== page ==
Entertainment Books

Wednesday 19 June 2019

Review: Biography: Tony Gregory by Robbie Gilligan

O’Brien Press,€19.99

'A case of a tail wagging two dogs" was the brilliantly witty summation of the late John Kelly, as the Dublin Central Independent Tony Gregory parlayed his Dáil vote with outgoing Taoiseach Garret FitzGerald and wannabe successor Charles Haughey in a run-down building in Dublin's north inner city in March 1982 following the hung Dáil election of the previous month.

The outcome of those dramatic political days was the infamous Gregory Deal, a multi-million investment programme in jobs, education and housing for the deprived inner city communities that had just elected Gregory, and clinched his vote for Haughey as leader of a minority Fianna Fáil government when the Dail met on March 9.

On that same day, historian and Independent senator John A Murphy acidly commented: "There is an element of farce in the sight of a millionaire island owner seeking to woo the representative of the poorest people in Dublin."

This was one of the more dramatic events in the politically frenetic 18 months period of June 1981-November 1982, which saw three general elections in an economically broken country. Indeed, the kind of times we thought we'd never see again!

Understandably, the dramatic story of the Gregory Deal is the main theme of this very thorough biography written by Trinity College Professor of Social Work and Social Policy, Robbie Gilligan.

A campaigner for Gregory in that period of the late 1970s, early 1980s, which saw this Independent champion of the poor and disadvantaged win a Dublin Corporation seat in 1979, and a Dáil seat in the second of that trio of general elections, his insider knowledge gives Gilligan's narrative real authenticity and detail.

Of course, in terms of its actual implementation, the Gregory Deal was short-lived since that Haughey Government collapsed eight months later, in November 1982, and Gregory lost his unique political leverage.

But the extravagance of the deal, not just in terms of its commitment to badly needed social and economic investment in central Dublin, but embracing wider national issues, including the cancellation of the Dublin Eastern by-pass motorway, did give rise to an enduring debate about the political appropriateness of ransom deals extracted by pivotal Independents.

In more recent times we have witnessed Bertie Ahern's deals with a range of Independents, including Michael Lowry and Jackie Healy-Rea. But the Gregory Deal is certainly more credible than these later creations.

Firstly, it was entirely transparent, and was published at the time. And the vast majority of the provisions, as they related to improving the lives of very disadvantaged communities in Dublin's inner city, were long overdue.

So while the political life of that deal was short-lived, it did bring a sustained focus on that cycle of deprivation, and Tony Gregory helped ensure in his dealings with successive government's up to his untimely death from cancer, in January 2009, that increased resources were invested in that area.

Robbie Gilligan's book is also extremely interesting on the other battles Gregory waged throughout his 27 years as a Dáil deputy, especially for his beloved inner city constituents.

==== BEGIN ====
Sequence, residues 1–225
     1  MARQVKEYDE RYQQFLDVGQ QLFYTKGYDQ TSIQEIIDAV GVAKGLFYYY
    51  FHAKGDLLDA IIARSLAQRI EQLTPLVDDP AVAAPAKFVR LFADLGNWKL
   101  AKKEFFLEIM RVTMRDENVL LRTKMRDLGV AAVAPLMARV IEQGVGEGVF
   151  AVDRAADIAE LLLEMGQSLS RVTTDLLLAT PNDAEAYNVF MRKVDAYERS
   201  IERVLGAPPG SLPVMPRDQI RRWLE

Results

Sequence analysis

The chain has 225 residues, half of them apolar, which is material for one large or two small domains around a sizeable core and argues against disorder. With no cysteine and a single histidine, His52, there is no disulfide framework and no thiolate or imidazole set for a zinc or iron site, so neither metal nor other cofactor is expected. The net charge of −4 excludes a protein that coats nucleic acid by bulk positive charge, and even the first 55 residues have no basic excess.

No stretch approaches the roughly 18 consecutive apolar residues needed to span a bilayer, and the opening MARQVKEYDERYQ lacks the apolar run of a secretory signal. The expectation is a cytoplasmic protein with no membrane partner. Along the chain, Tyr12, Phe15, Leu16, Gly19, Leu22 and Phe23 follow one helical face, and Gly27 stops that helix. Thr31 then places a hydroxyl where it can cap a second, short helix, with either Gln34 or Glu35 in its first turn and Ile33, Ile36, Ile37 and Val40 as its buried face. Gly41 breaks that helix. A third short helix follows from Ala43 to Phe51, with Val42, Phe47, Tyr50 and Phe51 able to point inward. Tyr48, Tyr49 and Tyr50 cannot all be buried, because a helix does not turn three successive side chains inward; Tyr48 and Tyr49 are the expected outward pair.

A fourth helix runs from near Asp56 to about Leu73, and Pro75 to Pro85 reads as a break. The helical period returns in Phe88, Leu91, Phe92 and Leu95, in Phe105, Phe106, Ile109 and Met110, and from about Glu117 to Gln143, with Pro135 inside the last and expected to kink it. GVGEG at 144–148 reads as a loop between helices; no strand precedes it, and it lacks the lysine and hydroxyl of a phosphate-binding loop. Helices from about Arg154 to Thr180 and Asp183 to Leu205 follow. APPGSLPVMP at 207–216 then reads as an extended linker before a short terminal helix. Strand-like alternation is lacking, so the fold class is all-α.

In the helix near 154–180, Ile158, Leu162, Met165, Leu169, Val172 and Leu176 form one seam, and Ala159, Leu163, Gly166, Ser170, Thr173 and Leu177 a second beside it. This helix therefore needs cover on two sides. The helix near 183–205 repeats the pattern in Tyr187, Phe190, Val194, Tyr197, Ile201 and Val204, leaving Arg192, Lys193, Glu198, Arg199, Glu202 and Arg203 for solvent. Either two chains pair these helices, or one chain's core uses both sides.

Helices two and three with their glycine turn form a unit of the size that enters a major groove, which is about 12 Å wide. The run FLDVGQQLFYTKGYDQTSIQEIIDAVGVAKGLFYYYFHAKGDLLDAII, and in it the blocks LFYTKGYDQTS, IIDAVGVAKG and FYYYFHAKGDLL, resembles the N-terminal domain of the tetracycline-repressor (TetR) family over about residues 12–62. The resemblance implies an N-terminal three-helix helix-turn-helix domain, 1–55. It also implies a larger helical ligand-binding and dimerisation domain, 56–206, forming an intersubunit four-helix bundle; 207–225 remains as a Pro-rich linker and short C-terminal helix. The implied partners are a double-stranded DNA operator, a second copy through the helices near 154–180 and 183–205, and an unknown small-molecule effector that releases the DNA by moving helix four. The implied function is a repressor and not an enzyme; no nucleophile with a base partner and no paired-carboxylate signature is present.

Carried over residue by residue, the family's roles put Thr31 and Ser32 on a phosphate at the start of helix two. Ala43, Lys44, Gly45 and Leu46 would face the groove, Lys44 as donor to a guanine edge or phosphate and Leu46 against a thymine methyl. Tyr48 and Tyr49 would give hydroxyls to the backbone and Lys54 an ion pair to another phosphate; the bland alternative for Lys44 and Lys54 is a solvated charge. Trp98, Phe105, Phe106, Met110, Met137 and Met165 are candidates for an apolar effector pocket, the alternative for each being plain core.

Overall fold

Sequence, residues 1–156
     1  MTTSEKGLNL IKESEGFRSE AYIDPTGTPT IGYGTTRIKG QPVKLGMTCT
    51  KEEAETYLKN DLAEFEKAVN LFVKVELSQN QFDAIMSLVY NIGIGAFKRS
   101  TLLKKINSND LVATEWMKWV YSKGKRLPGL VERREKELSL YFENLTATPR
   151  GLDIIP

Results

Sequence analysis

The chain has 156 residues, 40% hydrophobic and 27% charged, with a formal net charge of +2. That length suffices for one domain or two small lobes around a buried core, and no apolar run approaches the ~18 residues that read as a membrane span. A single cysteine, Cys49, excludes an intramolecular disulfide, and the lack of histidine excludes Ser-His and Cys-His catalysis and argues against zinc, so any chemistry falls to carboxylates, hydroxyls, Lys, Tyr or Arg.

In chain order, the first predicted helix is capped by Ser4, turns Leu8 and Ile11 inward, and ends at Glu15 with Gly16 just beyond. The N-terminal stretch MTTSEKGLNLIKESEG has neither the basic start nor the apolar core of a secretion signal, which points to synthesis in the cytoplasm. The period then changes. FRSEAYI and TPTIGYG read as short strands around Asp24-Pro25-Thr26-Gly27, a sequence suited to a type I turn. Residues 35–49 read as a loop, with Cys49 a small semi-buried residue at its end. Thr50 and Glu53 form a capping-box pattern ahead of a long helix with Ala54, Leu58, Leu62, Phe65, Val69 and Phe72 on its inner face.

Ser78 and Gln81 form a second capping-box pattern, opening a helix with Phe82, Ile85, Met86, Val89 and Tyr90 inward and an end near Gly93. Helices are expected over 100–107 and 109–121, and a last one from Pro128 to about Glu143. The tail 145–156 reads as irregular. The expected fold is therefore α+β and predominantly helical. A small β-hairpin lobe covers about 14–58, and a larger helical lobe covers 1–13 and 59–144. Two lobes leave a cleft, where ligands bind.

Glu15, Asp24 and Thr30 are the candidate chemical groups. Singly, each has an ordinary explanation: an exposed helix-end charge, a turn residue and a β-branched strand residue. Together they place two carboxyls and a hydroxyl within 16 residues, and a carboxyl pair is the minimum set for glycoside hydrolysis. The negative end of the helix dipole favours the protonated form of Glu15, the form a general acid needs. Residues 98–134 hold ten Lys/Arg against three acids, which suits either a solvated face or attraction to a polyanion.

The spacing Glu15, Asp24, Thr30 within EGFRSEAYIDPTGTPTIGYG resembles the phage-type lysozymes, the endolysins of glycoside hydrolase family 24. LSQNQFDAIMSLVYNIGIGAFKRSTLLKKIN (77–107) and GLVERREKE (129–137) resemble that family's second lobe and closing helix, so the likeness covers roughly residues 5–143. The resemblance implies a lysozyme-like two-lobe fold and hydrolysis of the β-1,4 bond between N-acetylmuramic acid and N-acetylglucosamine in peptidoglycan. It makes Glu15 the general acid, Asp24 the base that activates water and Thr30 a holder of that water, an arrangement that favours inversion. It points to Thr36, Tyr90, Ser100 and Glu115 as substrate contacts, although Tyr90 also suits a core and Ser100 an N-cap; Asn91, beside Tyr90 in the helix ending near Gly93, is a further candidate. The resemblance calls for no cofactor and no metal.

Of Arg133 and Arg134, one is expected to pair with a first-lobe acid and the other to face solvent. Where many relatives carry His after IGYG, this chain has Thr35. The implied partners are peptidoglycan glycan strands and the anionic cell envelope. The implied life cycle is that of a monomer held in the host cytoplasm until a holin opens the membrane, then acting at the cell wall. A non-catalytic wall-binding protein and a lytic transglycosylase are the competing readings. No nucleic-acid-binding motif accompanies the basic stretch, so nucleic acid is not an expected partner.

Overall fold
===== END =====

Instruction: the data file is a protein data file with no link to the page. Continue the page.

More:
The account of his campaigning for effective action against the drug pushers that were destroying young lives across the city is extremely important. Gregory really brought his on-the-ground knowledge, and his passion, to press politicians and the gardaí to take more effective action.

His pleadings to address the wealth trappings of the main dealers was an important contributor to the eventual establishment of the Criminal Assets Bureau in 1996, and he showed real personal courage in naming and confronting local pushers at angry and emotional community meetings.

In 1986, Gregory served a two-week sentence in Mountjoy for refusing to sign a bond to keep the peace arising from his campaign in support of street traders in Henry Street.

And given the economic wreckage wrought in our own times by the marauding banking behaviour of Anglo Irish Bank, Gregory's concerns -- voiced in the Dáil in 2004 (at the height of the Celtic Tiger era) -- were very prescient.

He challenged then Environment Minister Dick Roche to take action over the conflict of interest embracing Anglo and the board of the Dublin Docklands Development Authority, given that the latter was also the planning authority for the area.

All in all, this book is a worthy tribute to an outstanding community activist.

Gregory never compromised on his principles as a champion for the disadvantaged communities of Dublin Central. Persisting with the life of an Independent deputy and city councillor meant that he never got to hold any government office, nor did he get to serve as Lord Mayor of Dublin -- a distinction he would have richly deserved.

Gilligan's book also gives a generous account of the role of other indispensable local community activists, including Fergus McCabe, Mick Rafferty, Tony's brother Noel, his political successor in Dáil Éireann, Maureen O'Sullivan, and many others, who worked tirelessly to support his political campaigns and who helped get him re-elected in the seven general elections he contested after his initial victory in 1982.

He died in 2009 at 61 after 27 years in the Dáil.

Stephen O'Byrnes is former Press & Policy Director of the Progressive Democrats.

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